Israel Bourse CEO Lays Out Plan to Boost Struggling Exchange

  • CEO aims to grow retail trading, financial offerings on bourse
  • Trading volumes have fallen 40 percent over past six years

The new chief executive officer of Israel’s stock exchange plans to broaden its offerings of financial products and ease the regulatory burden on companies and investors, as it aims to reverse the trend of sagging trading volume and share listings.

Itai Ben-Zeev, who became Tel Aviv Stock Exchange CEO in January, unveiled his strategy at a press conference Tuesday. The plan calls for reduced regulation to encourage local institutional investment in Israeli stocks, introduces the securitization of loans such as mortgages, and seeks to boost retail trading. 

Trading volumes and initial public offerings have plummeted since MSCI Inc. upgraded Israel to developed-market status in 2010, which put Israel in competition with the U.S., Japan and major European countries for the attention of the world’s biggest investors. Daily turnover has declined 40 percent since the MSCI upgrade, to $330 million in 2016, according to bourse data. 

“The numbers speak for themselves,” said Ben-Zeev, who previously headed the capital markets division at Bank Leumi Le-Israel Ltd., the country’s second-biggest lender. "The volume isn’t deep enough with too many of our shares. No one is going to enter an investment if he doesn’t know how he’ll be able to get out of it."

Sluggish trading on the TASE has forced local money managers, who are flooded with billions of shekels each month since a 2008 law that aimed to boost public saving, to invest much of their portfolios abroad, Ben-Zeev said.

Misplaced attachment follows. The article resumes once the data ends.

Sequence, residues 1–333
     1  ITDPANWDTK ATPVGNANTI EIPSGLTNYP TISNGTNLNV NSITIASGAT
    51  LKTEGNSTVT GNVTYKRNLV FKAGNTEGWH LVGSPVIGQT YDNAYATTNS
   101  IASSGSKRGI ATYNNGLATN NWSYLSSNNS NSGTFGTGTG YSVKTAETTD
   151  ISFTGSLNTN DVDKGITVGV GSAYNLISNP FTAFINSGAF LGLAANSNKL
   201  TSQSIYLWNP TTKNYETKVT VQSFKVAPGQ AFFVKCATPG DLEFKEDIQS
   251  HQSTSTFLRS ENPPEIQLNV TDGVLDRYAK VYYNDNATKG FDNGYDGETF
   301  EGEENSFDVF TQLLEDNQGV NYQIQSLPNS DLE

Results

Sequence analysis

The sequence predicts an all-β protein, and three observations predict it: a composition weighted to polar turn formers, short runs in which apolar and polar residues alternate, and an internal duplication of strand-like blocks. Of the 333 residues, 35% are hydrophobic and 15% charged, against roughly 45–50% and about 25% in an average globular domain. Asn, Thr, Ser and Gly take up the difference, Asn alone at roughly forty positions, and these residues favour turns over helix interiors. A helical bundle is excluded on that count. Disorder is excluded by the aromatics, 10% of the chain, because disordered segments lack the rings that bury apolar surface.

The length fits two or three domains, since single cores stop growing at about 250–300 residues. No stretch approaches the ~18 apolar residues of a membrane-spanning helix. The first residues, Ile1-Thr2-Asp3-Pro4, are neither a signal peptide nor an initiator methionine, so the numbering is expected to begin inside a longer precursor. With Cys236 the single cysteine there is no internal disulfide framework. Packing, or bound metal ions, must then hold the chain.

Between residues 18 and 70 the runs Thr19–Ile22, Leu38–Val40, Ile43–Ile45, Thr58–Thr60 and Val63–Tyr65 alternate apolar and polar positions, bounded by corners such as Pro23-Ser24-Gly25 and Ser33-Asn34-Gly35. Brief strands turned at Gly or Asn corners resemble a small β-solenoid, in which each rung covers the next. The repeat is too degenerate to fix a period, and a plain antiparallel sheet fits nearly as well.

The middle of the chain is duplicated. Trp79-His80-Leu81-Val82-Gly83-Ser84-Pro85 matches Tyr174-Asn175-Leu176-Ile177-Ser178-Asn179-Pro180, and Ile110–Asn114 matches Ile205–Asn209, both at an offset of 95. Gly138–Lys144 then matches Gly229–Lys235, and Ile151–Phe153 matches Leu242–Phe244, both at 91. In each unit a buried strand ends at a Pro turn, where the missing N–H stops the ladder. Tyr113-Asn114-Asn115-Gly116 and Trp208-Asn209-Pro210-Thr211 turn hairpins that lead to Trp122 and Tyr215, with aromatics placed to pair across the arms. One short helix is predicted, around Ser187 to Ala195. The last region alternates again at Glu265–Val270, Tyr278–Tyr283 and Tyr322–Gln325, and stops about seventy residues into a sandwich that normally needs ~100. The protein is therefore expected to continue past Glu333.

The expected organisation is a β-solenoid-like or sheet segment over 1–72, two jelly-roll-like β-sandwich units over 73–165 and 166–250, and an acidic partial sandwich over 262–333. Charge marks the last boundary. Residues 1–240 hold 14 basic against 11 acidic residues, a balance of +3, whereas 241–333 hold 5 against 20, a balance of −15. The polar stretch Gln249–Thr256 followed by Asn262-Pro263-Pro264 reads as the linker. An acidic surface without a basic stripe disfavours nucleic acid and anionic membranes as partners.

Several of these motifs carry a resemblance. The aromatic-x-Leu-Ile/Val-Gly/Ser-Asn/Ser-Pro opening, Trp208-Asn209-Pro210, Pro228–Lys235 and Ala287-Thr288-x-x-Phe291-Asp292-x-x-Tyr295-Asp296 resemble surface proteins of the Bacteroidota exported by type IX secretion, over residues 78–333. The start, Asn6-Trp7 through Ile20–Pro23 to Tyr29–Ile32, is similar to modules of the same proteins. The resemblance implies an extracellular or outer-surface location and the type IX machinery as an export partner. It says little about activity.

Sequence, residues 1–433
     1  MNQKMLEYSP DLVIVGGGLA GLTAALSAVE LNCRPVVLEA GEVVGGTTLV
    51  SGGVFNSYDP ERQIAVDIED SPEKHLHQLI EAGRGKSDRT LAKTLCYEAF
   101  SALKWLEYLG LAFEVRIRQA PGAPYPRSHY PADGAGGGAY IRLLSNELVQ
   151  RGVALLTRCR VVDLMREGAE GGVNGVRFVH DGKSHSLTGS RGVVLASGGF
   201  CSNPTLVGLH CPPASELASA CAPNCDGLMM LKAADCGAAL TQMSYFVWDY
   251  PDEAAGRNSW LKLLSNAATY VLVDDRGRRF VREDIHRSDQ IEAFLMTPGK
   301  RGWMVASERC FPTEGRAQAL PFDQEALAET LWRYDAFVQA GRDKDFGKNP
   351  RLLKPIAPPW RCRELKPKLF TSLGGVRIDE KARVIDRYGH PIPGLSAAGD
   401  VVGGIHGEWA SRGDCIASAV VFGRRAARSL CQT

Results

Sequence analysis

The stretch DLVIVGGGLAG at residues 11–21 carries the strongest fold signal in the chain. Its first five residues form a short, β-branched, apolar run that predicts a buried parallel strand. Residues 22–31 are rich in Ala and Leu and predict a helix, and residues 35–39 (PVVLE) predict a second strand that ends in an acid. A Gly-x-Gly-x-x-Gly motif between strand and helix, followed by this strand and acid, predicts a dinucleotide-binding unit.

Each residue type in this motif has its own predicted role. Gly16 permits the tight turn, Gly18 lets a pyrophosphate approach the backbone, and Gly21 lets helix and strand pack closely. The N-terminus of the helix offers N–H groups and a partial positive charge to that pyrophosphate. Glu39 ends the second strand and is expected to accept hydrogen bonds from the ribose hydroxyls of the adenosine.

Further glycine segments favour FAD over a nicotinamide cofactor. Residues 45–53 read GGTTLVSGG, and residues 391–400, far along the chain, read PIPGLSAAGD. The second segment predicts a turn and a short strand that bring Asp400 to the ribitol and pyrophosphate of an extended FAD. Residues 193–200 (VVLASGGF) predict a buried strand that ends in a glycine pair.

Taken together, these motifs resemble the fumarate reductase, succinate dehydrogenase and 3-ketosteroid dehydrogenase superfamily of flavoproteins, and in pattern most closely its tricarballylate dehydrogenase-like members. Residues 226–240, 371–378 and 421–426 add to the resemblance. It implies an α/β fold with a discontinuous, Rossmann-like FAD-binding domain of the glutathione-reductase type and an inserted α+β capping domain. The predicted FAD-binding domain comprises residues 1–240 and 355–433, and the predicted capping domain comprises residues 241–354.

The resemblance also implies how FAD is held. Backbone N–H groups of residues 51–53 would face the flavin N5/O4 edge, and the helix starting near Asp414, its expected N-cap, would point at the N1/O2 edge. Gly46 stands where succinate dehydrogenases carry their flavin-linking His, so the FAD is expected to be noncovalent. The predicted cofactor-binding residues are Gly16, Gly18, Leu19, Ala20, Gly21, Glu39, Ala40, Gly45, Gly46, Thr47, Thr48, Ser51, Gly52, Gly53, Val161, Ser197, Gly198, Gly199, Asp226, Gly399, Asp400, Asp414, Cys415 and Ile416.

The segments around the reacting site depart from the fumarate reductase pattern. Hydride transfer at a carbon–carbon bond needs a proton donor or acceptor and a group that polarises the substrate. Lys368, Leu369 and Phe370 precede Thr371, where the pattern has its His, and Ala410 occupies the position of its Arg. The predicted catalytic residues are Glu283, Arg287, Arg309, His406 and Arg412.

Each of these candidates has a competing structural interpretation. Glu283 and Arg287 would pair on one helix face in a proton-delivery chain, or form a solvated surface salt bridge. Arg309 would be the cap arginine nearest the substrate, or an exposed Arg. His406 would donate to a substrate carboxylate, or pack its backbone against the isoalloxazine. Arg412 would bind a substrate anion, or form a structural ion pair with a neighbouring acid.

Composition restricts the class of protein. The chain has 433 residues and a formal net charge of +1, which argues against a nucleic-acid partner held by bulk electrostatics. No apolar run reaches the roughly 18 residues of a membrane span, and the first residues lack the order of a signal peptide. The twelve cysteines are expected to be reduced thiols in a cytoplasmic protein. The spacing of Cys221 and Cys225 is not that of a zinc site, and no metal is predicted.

Compounding matters, many companies have delisted from the TASE to avoid heavy-handed regulation. Most of Israel’s young technology companies opt to raise money through venture capital funds or on foreign stock exchanges abroad, partly for the same reason. The bourse is working with regulators in the finance ministry, central bank and securities authority to pass the plan he’s proposing, Ben-Zeev said.

"There’s a significant change in the mood of the regulators and their willingness to make the Tel Aviv Stock Exchange play a significant and leading role in the capital markets and the Israeli economy," he said.

Bringing to Tel Aviv the 90 Israeli companies whose shares are traded only abroad would help drive volume, Ben-Zeev said. Those shares are worth about 264 billion shekels ($72.4 billion), or 32 percent of the total market capitalization of locally traded companies. The TASE also will try to convince some 2,000 small or medium-sized Israeli businesses, tech startups and real estate and infrastructure companies to raise money on the bourse, he said.

The strategic plan didn’t address the root cause of the exchange’s woes: Israel’s status on the MSCI index. Yossi Beinart, who resigned as bourse CEO last year, considered changing Israel’s trading week to Monday-Friday, and lobbied the MSCI to include Israel in its European index.

Some other parts of the plan proposed by Ben-Zeev:

  • Wobi, whose platform allows Israelis to compare insurance policies, is developing a platform for retail investors and will become a member of the bourse
  • Reduce shareholder voting requirements for Israeli investment houses
  • Israeli banks will become equity market-makers in order to handle large trades, subject to Bank of Israel approval
  • A central lending bureau will be established to ease trades such as short-selling
  • A digital alternative will be created for listing share services, currently offered only by three Israeli banks
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